A Vase is an open container. It can be made from a number of materials, such as ceramics, glass, non-rusting metals, such as aluminium, brass, bronze, or stainless steel. Even wood has been used to make vases, either by using tree species that naturally resist rot, such as teak, or by applying a protective coating to conventional wood or plastic. Vases are often decorated, and they are often used to hold cut flowers. Vases come in different sizes to support whatever flower it is holding or keeping in place. Vases generally share a similar shape. The foot or the base may be bulbous, flat, carinate, or another shape. The body forms the main portion of the piece. Some vases have a shoulder, where the body curves inward, a neck, which gives height, and a lip, where the vase flares back out at the top. Some vases are also given handles. Various styles and types of Vases have been developed around the world in different time periods, such as Chinese ceramics and Native American pottery. In the pottery of ancient Greece “Vases-painting” is the traditional term covering the famous fine painted pottery, often with many figures in scenes from Greek mythology. Such pieces may be referred to as vases regardless of their shape; most were in fact used for holding or serving liquids, and many would more naturally be called cups, jugs and so on. In 2003, Grayson Perry won the Turner Prize for his ceramics, typically in vase form.
Ceramic art is art made from ceramic materials, including clay. It may take forms including artistic pottery, including tableware, tiles, figurines and other sculpture. As one of the plastic arts, ceramic art is one of the visual arts. While some ceramics are considered fine art, as pottery or sculpture, most are considered to be decorative, industrial or applied art objects. Ceramics may also be considered artefacts in archaeology. Ceramic art can be made by one person or by a group of people. In a pottery or ceramic factory, a group of people design, manufacture and decorate the art ware. Products from a pottery are sometimes referred to as “Art Pottery“. Pottery is the process and the products of forming vessels and other objects with clay and other ceramic materials, which are fired at high temperatures to give them a hard, durable form. Major types include earthenware, stoneware and porcelain. The place where such wares are made by a potter is also called a pottery (plural “potteries“).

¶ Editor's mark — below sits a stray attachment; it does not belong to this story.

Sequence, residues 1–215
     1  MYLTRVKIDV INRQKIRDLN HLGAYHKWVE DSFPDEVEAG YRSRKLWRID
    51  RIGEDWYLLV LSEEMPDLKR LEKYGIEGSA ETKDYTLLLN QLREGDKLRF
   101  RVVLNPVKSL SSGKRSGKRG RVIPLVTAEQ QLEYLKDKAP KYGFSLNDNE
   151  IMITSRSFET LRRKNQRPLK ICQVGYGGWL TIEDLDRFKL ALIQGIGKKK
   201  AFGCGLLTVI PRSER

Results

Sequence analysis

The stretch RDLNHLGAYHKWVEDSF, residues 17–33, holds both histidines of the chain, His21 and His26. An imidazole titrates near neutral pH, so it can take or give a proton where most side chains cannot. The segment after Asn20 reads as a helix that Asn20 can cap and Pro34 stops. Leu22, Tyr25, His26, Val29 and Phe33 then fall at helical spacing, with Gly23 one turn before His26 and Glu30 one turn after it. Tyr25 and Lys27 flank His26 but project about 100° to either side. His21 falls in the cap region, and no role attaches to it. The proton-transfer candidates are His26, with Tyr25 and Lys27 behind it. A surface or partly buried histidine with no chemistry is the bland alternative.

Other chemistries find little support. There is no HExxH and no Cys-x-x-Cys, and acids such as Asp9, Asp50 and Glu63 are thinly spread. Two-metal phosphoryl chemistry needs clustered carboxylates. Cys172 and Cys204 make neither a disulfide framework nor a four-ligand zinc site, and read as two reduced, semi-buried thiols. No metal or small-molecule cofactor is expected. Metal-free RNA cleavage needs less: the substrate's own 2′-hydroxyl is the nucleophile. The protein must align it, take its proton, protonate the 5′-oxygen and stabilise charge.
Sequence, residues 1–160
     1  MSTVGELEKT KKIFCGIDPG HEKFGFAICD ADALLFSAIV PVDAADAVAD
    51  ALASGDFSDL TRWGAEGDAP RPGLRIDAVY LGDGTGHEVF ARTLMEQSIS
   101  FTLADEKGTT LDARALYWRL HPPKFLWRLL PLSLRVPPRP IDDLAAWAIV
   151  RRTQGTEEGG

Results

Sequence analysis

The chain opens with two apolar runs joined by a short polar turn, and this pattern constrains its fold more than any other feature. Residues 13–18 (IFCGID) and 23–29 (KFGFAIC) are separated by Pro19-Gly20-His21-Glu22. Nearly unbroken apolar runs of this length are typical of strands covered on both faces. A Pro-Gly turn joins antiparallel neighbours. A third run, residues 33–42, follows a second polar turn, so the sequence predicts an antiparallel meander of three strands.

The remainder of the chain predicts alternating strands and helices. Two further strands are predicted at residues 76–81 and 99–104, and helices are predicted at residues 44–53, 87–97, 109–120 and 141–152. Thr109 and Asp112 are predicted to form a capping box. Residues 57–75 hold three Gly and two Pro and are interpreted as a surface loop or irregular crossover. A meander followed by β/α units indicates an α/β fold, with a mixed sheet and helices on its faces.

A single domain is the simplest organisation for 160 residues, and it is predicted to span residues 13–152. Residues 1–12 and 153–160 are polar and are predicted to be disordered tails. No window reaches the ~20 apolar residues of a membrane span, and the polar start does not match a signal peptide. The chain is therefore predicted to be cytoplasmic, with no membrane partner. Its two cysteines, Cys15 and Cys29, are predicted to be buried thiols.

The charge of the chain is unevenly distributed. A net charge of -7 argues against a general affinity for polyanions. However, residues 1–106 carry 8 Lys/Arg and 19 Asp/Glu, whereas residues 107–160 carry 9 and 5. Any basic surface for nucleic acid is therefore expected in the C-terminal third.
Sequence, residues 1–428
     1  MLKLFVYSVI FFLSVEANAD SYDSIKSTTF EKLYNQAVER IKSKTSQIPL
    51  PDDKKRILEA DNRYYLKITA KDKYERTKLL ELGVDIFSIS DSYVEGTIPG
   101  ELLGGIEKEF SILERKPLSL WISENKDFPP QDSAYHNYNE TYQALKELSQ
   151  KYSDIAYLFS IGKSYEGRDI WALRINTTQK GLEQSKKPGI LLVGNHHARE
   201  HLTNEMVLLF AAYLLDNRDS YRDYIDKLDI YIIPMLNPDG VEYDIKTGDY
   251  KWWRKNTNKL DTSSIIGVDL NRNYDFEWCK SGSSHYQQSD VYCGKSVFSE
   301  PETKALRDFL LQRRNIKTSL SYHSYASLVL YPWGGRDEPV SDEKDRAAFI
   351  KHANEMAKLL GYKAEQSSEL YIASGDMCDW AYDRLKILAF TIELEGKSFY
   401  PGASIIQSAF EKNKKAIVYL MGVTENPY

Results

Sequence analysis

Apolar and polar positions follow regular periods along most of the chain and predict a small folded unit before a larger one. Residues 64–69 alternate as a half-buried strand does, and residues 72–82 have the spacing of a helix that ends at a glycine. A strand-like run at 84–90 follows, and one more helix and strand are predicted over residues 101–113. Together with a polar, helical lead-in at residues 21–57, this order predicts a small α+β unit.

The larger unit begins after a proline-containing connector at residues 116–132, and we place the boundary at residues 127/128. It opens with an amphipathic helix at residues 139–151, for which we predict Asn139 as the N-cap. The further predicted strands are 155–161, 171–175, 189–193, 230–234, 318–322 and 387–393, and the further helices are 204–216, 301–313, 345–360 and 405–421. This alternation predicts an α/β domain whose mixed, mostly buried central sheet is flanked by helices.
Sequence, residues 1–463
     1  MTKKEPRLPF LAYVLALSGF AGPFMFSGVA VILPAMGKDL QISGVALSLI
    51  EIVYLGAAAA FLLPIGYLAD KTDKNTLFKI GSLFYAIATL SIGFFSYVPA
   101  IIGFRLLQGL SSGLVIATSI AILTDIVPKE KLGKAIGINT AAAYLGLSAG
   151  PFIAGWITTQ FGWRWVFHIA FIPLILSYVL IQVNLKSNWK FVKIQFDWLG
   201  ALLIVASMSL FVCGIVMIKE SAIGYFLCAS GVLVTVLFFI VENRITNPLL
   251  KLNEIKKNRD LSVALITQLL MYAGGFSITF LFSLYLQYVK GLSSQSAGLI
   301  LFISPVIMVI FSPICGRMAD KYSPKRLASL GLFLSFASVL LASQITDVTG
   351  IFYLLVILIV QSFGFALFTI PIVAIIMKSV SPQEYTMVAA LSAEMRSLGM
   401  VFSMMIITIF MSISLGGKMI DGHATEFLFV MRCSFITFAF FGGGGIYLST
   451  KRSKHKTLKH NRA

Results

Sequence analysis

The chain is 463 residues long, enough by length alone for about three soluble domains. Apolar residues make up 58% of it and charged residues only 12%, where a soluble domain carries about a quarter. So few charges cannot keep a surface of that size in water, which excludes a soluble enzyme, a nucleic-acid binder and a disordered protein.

Pottery is made by forming a ceramic (often clay) body into objects of a desired shape and heating them to high temperatures (600-1600 °C) in a bonfire, pit or kiln and induces reactions that lead to permanent changes including increasing the strength and rigidity of the object. Much pottery is purely utilitarian, but much can also be regarded as ceramic art. A clay body can be decorated before or after firing. In archaeology, especially of ancient and prehistoric periods, “pottery” often means vessels only, and figures of the same material are called “terracottas“. Clay as a part of the materials used is required by some definitions of pottery, but this is dubious. Pottery is one of the oldest human inventions, originating before the Neolithic period, with ceramic objects like the Gravettian culture Venus of Dolní Vestonice statue discovered in the Czech Republic dating back to 29,000-25,000 BC, and pottery vessels that were discovered in Jiangxi, China, which date back to 18,000 BC. Early Neolithic and pre-Neolithic pottery artifacts have been found, in Jōmon Japan (10,500 BC), the Russian Far East (14,000 BC), Sub-Saharan Africa (9,400 BC), South America (9,000s-7,000s BC), and the Middle East (7,000s-6,000s BC).
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